This article will explore some of the important projects currently in the development (incubation, preview, early access) stage.
We see new features being added to the java programming language faster than ever with the six-monthly release cycle. This article will explore some of the important projects currently in the development (incubation, preview, early access) stage. We will not be exploring the topics in detail, but this will be a curated list of the official documents for easy reference.
Also, we can’t say for sure when these will be released to the general users, but it is something that will keep us motivated to continue using java at least for the foreseeable future:
Project Amber is a mature project with multiple features already available (10, 11, and later versions). The main goal of this project is to provide small, developer-centric features that will enhance their productivity. This feature-rich project is the home for multiple additions to the language like (only a few of many):
The idea behind project Valhalla is to introduce value types that are classes but behave as primitive types without the associated overhead of references. Another point worth noting here is that the value types are immutable.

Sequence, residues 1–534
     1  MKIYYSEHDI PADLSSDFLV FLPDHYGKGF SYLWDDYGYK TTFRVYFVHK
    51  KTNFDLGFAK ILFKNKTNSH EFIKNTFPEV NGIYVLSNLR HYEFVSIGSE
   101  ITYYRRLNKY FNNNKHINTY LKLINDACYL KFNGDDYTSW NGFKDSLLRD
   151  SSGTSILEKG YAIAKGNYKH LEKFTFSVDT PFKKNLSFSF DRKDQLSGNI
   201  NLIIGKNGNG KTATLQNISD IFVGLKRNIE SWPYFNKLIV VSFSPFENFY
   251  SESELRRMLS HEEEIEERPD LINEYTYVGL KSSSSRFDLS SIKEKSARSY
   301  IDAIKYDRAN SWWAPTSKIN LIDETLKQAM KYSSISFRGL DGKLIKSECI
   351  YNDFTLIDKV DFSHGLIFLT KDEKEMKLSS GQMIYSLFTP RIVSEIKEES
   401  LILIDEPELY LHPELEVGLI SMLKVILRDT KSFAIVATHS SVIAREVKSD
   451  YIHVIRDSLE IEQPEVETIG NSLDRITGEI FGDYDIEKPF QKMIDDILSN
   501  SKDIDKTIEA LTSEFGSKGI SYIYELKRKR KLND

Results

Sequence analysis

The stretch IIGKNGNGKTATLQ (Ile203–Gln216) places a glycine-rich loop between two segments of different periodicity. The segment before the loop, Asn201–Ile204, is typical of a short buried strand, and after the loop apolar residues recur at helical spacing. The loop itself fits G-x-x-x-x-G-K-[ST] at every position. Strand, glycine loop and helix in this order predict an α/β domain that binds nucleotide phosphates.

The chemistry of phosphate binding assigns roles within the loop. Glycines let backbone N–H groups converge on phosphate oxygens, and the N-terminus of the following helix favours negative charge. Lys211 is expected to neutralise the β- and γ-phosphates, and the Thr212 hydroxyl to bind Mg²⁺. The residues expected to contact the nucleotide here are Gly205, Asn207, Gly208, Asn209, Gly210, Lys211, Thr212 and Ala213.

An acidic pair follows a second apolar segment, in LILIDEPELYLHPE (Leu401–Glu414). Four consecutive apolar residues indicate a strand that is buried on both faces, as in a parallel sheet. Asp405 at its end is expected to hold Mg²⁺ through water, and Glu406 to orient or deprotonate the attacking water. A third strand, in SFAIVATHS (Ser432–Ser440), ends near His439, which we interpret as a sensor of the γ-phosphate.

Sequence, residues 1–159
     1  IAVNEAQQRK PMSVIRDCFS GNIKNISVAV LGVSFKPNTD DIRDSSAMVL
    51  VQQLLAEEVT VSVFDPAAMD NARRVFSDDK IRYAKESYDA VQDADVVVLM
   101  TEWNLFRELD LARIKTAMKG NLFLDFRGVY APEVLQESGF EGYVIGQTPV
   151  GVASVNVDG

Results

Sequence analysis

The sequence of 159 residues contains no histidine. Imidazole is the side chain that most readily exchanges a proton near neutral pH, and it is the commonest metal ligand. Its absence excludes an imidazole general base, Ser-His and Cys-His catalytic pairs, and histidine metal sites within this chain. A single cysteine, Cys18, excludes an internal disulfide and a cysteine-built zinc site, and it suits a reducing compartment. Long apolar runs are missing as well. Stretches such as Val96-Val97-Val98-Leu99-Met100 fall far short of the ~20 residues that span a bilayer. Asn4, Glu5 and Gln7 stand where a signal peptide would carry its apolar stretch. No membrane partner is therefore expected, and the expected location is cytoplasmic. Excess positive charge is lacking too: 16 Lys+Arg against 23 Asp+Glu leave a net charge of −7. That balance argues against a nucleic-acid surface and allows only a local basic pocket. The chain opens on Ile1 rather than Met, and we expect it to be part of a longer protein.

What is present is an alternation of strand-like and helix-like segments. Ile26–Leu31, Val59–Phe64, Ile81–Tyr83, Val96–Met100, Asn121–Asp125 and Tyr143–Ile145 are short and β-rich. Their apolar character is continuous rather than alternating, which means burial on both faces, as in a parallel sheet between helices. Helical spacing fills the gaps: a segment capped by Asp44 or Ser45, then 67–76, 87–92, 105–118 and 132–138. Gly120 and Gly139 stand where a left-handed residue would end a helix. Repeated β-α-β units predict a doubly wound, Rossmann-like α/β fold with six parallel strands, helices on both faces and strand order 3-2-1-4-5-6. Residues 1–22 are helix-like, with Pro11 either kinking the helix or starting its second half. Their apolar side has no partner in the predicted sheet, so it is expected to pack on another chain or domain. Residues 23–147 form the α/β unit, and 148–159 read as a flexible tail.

The idea behind project loom is to improve the java programs’ concurrency abilities by providing easy to create, throughput optimized, and easy to manage constructs like virtual threads.
This project aims to provide the developer community a bridge between the JVM world and the native code world (anything not written in java). We have JNI (java native interface) available to call native code from the JVM context, but the process is not straightforward to develop (write and maintain code). Project Panama hosts various tools to help developers access components outside the JVM realm like:
The newly announced project Leyden will provide the native image capabilities available in other VMs like GraalVM. Once available, it will cater to the dev community’s complaints regarding slow startup time by leveraging features like:
Project Skara deals with finding an alternative repository management platform for JDK source code. It includes moving from mercurial to Git and migrating to the corresponding service provider ( Github).
As a significant part of the hotspot, JVM is coded in C++; it is impacted by direct or indirect changes in the language. As part of the project metropolis, it was proposed to change this implementation and move it to java itself. This shift is being called - java on java.
This post is a work-in-the-progress list. I’ll try to keep it updated as and when we have details for the new features.